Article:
PAS-It-On Vol 12 Issue 2
“Good morning, how are you today? ”A typical response is “Fine, how are you?” Or perhaps the per- son we greet responds with positivity, enthusiasm and good will. “I’m just peachy-keen and wonderful today! Loving the beautiful weather! What about you?” These people generally have some- thing uplifting to share and have an upbeat, optimistic attitude about life, work and every day.
We have also experienced the uncomfortable moment when someone responds with a litany of negativity, of tales of woe ranging from bad hair days to mechanical problems with their car, from “the kids are driving me crazy” to “this company is the worst place to work in the state”. Uh-oh! And no matter the day, one calamitous response is more tragic than the next. Each of us will experience difficult times in our lives. Having someone in the workplace who will empathize with us is an important part of finding the support we need to persevere and bounce back. However, that is very different from selectively approaching life with a negative focus.
Individual negativity can have many sources, but negativity can also be a culture. Negativity in the workplace has real costs: reduced productivity, stress-related health care costs, increased turnover, low employee engagement, compromised safety and more. The Bureau of Labor Statistics estimates that companies lose $3 billion a year to the effects of negative attitudes and behaviors at work! Overcoming negativity in the workplace is a valuable skill that can help your team rise above the fog and move forward with a clearer, more positive vision that leads to a more productive and happier workforce.
Turn Complaining into Conversation
One thing to understand at the outset – complaining is not necessarily a NEGATIVE thing. Complaints can often bring to light legitimate issues such as problems in production, a safety concern, or a performance problem. Such complaints can be addressed properly and resolved. Companies often use some form of a “Suggestion Box” to help elicit these types of concerns. Some go so far as to rename their suggestion system to a “Suggested Improvements” box or a “For Your Consideration” box. These simple name changes shift the attitude about making a suggestion from “complaining” to being proactive and engaging employees in the problem-solving process.
When Negativity is the Norm
On the other hand, sometimes complaining happens because it is simply a habit. It’s a comfort zone for conversation. Itis easy to find something to complain about, then launch into a conversation with others about the problem. The myth is that we will feel better after “commiserating” with others. Contrary to popular belief, psychologists say that habitual complaining does NOT help anyone feel better; it often only spreads the discontent. However, as with any habit, it can be changed. In the end it is a matter of choice and self-discipline. Do we choose the familiar but negative response, or do we try new things (perhaps awkward and uncomfortable at first) to shift our attitude or habit toward a more positive end?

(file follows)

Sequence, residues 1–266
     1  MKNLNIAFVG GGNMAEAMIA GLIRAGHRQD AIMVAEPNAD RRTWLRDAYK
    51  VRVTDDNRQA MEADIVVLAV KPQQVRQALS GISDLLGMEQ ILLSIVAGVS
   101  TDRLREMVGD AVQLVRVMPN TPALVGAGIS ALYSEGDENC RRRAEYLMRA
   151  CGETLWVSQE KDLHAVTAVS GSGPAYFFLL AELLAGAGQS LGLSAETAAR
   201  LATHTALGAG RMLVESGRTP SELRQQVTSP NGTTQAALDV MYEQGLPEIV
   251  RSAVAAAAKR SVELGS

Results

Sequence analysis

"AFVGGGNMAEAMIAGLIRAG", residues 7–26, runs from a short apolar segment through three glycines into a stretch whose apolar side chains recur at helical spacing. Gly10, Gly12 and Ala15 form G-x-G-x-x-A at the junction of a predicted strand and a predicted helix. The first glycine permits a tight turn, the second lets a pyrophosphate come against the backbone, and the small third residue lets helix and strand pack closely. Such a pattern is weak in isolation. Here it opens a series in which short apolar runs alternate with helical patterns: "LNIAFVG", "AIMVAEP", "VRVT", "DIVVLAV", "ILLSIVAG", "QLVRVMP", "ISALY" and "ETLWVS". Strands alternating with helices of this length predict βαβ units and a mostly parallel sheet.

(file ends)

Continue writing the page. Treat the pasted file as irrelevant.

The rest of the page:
Keys to Curbing Negativity
From an organizational standpoint, communication is a powerful tool that can help curb negativity. For example, when changes are announced in an organization, oftentimes access to information is restricted a code of silence protecting information as “privileged.” Some information may need to be confidential for obvious reasons, but consider this –negativity, speculation and gossip breeds in the vacuum of silence. Lacking any official sources of information, employees are resigned to getting information second- and third-hand. That information is rarely positive, accurate or beneficial toward helping your workforce adapt productively to change. Take the lead. Control the tone of conversations by providing information in a timely manner, sharing the successes and the challenges that the situation will bring.
Another tactic is to set our focus on a regular basis toward appreciating the positive that we see. In his book, Whale Done! The Power of Positive Relationships, Ken Blanchard highlights the power that reinforcement of positive behaviors can have both at work and home life. According to Blanchard, “Attention is like sunshine to humans. What we give our attention to, grows. What we ignore withers.” Challenge yourself to keeping a log for a day or two. What are you focusing your attention on? Is it generally positive, appreciative feedback that helps keep employees motivated and productive? Or is your attention largely focused on negative aspects of performance or events? Remember, like a garden, what you tend to and give attention to will prosper and grow – are you cultivating the right things?
Complaining is not a conversation.
Cultivate a Constructive Culture
Workdays are filled with ever-changing challenges. Keeping a positive outlook and cultivating a culture of positivity may be an ongoing challenge for managers and employees alike. Use the experts at PAS to help you and your staff identify successful methods for overcoming workplace negativity. Onsite seminars are available on a variety of topics that address the workplace environment. PAS also offers management consultants and organizational psychologists who are only a phone call away. Don’t spend your day wondering “what if?” Talk to an organizational consultant today and find out!
As Ken Blanchard points out, “Positive responses motivate people to do positive things. It’s an upward spiral.